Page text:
Down went the larger midshipman again. This time he moaned. His eyes were open, though they had a somewhat glassy look in them.
Dawley was counting off the seconds in measured tones.
“—seven, eight, nine—ten!”
Pen had struggled to rise to his feet, but sank back with a gasp of despair and rage.
“Mr. Pennington loses the count and the fight,” announced Referee Remington coolly. “I don’t believe we’re needed here, Dawley. The seconds can handle the wreck. Come along.”
As the two officials of the meeting hustled out of the barn, Dalzell gave his attention to helping his chum, while Farley went over to offer his services in getting the vanquished midshipman into shape.
“There were times when I could have closed both of Pennington’s eyes,” murmured Dave to Dan. “But I didn’t want to give him any disfiguring marks that would start questions on board ship.”
“You had him whipped from the start,” murmured Dan confidently, as he sprayed, then rubbed Dave’s chest and arms.
“Maybe, but I’m not so sure of that,” rejoined Darrin. “That fellow isn’t so easy a prize for any one in my class. There were times when I was all but convinced that he had me.”
“Oh, fairy tales!” grunted Dan.
“Have it your own way, then, Danny boy!”
When Darrin and his seconds left the barn they went off to enjoy what remained of the shore leave. Pennington’s seconds finally, at his own request, left him at an ice cream parlor, where he proposed to remain until he could return to the big, steel “Massachusetts” without exciting any wonder over the little time he had remained ashore. Pennington had strength to walk about, but he was far from being in really good shape, and preferred to keep quiet.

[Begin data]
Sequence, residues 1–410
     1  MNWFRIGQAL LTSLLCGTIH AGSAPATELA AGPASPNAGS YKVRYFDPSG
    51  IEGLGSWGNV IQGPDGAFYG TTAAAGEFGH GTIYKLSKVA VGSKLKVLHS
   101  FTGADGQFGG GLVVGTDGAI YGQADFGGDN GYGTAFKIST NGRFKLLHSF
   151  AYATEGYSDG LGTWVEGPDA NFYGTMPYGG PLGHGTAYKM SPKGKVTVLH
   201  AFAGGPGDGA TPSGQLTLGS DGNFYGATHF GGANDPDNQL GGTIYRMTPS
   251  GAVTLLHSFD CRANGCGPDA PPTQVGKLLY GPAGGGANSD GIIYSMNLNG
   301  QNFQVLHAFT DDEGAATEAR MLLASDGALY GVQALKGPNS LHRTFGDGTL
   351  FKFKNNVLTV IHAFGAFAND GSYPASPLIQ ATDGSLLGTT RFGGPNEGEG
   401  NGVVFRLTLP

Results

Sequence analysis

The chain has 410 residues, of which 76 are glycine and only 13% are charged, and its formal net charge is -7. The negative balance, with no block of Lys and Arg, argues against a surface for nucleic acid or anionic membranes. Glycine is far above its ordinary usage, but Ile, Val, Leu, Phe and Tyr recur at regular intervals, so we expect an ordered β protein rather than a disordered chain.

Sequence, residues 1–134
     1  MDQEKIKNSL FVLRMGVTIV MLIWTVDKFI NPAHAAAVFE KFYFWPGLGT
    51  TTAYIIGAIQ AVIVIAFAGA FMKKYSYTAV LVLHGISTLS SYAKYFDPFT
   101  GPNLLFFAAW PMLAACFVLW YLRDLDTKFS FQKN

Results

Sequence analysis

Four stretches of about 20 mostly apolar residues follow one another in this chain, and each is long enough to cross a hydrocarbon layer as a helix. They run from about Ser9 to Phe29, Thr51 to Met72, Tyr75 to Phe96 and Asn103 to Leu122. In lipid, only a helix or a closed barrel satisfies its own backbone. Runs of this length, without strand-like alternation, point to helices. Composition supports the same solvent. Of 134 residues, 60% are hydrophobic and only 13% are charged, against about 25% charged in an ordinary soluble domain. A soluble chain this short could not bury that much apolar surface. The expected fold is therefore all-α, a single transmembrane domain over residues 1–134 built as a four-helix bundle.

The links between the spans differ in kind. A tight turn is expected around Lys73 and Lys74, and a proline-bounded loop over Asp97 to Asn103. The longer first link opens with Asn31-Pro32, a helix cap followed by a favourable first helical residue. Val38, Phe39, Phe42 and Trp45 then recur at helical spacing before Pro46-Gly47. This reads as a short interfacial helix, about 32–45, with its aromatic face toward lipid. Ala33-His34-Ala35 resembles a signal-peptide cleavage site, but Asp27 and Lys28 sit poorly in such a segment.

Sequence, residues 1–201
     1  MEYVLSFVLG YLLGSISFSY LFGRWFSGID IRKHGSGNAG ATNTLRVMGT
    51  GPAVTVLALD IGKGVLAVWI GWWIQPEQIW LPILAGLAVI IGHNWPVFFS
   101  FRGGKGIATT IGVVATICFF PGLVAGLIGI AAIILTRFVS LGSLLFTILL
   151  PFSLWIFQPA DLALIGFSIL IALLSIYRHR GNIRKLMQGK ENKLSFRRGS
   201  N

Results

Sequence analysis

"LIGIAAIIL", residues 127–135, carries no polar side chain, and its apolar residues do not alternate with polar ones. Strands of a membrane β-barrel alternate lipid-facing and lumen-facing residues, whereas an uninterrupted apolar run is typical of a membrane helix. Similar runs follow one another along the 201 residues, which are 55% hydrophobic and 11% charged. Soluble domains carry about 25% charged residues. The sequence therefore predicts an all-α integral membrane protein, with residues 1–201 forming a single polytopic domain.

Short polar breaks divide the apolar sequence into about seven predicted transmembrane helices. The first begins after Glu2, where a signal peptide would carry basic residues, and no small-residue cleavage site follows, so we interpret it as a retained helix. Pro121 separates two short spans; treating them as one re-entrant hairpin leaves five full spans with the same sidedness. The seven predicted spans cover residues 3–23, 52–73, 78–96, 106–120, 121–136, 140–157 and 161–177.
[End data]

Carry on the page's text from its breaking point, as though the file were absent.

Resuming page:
IN TROUBLE ON FOREIGN SOIL
From Hampton Roads the Battleship Squadron, with the midshipmen on board, sailed directly for Plymouth, England.
During most of the voyage over slow cruising speed was used. By the time that England’s coast was sighted the third-class middies found they knew much more about a battleship than they had believed to be possible at the start of the voyage.
They had served as firemen; they had mastered many of the electrical details of a battleship; they had received instruction and had “stood trick” by the engines; there had been some drill with the smaller, rapid-fire guns, and finally, they had learned at least the rudiments of “wig-wagging,” as signaling by means of signal flags is termed.
It was just before the call to supper formation when England’s coast loomed up. Most of the midshipmen stood at the rail, watching eagerly for a better glimpse at the coast.
Some of the midshipmen, especially those who came from wealthier families, had been in England before entering the Naval Academy. These fortunate ones were questioned eagerly by their comrades.